As my Nana would say, “You can almost see her breakfast…” Thank goodness for skorts on windy days.
This is my second draft of a post because the first was a tirade about the Dystopian nightmare that I feel I am living in. I keep looking up to the skies for a plague of locusts or frogs to accompany the Pandemic and violence. Ultimately, I decided that there was no point in adding my angry comments and opinion to the melee. Instead I retreated to my containment pond where the water is full of ducklings from both the Muscovy and Whistling Ducks.
Muscovy Mama with her head in the pond and gorgeous ducklings (eight are still with us)
I have been sitting on the edge of the culvert, frightening the green heron because I walk so softly and delighting in nature. The dragonflies, of every hue, come close to me and land on my head. Teddy has counted over 30 species of dragonfly in that pond alone. We watched their very active mating and then saw a female dip her tail, with the fertilized eggs in the pond. By August, it feels like you are in fairyland with a rainbow of dragonflies fluttering around you. They stick close to humans to catch the mosquitoes that bite us.
So far in 2020, Teddy has rescued a really large Turtle who was stranded upside down and yesterday I found a tiny little one, about 2 inches across, who was dropped by a predator in the grass. I lifted him up and we were able to take a close look at his cute little face. He was hot and bothered so I delicately popped him in the pond and off he swam having lost one of his nine lives (or whatever turtles have). Today I stopped on the path as Mama Muscovy and her eight big babies walked up the bank and onto the grass for shade. Mama kept on walking with a trail of ducklings waddling, with me at the tail end. They have become used to my presence so know no fear.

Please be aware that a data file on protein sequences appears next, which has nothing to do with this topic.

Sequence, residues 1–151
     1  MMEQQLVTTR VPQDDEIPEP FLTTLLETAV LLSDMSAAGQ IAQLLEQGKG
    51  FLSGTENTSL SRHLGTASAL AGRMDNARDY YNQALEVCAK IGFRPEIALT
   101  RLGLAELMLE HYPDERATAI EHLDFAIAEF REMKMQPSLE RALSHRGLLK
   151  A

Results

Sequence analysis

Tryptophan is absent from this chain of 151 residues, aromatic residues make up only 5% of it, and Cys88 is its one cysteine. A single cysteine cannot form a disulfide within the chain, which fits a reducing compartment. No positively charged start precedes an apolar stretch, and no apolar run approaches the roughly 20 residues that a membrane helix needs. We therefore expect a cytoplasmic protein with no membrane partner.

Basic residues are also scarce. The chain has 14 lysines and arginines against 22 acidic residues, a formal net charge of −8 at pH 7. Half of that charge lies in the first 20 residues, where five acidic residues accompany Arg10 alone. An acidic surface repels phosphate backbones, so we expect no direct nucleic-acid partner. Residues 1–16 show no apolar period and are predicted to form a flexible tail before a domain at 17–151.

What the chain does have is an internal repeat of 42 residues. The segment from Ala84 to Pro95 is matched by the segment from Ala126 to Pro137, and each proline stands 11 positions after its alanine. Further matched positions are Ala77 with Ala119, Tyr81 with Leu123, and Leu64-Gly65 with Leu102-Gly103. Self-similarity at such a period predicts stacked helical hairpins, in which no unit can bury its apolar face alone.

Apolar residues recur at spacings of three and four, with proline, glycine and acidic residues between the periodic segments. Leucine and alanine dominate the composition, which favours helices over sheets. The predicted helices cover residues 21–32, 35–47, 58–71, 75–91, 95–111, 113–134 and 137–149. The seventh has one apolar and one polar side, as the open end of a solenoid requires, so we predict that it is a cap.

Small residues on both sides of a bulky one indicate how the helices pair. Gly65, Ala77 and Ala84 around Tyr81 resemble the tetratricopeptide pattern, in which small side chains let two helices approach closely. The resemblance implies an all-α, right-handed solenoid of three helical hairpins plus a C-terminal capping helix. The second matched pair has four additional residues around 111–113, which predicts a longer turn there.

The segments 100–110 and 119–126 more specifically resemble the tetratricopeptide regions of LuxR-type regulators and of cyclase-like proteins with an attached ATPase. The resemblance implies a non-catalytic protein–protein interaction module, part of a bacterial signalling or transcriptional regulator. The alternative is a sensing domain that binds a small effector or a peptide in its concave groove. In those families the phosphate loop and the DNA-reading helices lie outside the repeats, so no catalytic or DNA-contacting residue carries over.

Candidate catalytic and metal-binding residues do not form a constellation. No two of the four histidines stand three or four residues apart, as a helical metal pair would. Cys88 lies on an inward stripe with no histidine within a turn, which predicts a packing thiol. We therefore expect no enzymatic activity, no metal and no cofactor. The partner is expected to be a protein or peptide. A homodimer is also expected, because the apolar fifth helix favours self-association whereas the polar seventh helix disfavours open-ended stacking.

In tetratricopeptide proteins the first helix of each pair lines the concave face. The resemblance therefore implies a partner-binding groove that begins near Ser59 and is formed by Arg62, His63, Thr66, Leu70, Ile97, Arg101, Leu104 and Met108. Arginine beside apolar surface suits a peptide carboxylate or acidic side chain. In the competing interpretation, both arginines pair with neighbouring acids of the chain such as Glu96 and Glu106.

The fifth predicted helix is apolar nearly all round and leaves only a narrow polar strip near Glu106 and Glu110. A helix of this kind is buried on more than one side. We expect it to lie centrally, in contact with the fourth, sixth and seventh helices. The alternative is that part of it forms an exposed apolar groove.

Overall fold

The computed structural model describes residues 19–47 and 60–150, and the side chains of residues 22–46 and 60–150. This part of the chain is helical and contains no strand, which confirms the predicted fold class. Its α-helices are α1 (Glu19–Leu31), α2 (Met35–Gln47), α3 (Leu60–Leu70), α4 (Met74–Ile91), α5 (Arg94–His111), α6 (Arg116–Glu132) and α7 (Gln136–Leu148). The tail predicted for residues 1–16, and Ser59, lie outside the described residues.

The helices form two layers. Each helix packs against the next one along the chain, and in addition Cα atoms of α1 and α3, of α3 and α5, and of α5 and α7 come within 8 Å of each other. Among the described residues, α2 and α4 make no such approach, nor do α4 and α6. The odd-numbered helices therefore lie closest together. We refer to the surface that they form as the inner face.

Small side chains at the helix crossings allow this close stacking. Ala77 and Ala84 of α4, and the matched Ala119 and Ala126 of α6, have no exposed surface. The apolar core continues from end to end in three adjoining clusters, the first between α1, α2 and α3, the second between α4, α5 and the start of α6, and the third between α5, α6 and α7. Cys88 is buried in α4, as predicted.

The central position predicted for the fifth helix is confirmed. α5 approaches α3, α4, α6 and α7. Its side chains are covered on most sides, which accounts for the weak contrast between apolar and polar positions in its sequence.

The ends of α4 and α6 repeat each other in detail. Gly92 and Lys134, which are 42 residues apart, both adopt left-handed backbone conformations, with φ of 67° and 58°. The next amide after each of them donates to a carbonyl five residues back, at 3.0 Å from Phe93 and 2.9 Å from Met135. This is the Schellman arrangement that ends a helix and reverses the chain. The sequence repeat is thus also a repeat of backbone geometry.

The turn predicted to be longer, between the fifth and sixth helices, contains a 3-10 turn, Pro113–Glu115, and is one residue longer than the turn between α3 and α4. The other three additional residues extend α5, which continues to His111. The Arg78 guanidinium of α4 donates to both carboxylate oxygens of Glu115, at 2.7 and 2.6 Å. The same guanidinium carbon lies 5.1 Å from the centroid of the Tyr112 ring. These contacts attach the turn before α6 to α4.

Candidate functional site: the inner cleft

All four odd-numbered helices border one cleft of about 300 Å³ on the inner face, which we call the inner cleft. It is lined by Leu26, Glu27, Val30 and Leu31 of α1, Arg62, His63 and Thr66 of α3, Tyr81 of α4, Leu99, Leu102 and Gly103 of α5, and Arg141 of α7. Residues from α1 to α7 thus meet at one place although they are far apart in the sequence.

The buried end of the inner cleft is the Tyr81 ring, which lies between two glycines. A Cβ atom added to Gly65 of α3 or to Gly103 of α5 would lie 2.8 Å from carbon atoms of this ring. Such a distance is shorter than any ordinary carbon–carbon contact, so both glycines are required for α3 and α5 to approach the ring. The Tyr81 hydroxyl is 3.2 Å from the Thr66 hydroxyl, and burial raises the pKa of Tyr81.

The Whistling Ducks have tiny little spotted ducklings and they are a little more wary. There are at least 8 pairs of ducks with a variety of little ones. The ducks have a really cute squeak but I haven’t heard them whistling yet. The frogs that bleat like sheep are back – and it is quite unnerving. I keep looking for a flock of lambs to no avail. There is a GIANT carcass of an Armadillo in the grass. It is about the size of a large cat. I guess it was run over and then the predators had some tasty lunch.
Whistling (squeaking) ducks – their babies are spotted!
I mentioned before that Muscovy Ducks are called Backyard Ducks in Mexico where they originate. That means they are a tasty lunch in Mexico… While I was sitting at the pond I spotted an older Mexican couple who were gardening at one of the houses. They were taking quite an interest in all the ducks and I watched them with trepidation. ‘You can’t eat these ones – they have names!!’ I was overreacting because they just wanted to ooh and aah over the ducklings like all of us. In Baja, Teddy and I had the most delicious duck and pomegranate tacos but I didn’t name those ones… What a hypocrite I am, especially since I have eaten many interesting animals in our travels across the world. Alligator is chewy, BTW, as is camel.
As much as I still enjoy my pond and its critters, I realize that I live in an idyll far removed from many Americans. In our township, you are not allowed to discharge a weapon for any reason, especially not to hunt. There are no fireworks allowed at any time and a million other regulations. As frustrating as our quarantine has been, I can only imagine what it is like in crowded public housing with no job to go to.
Great Heron walking in Pond Weeds
May we exit this pandemic in peace and live more equitably with compassion for every member of society.
All these photos are taken by the marvelously talented Teddy who has a new exhibit for his photography.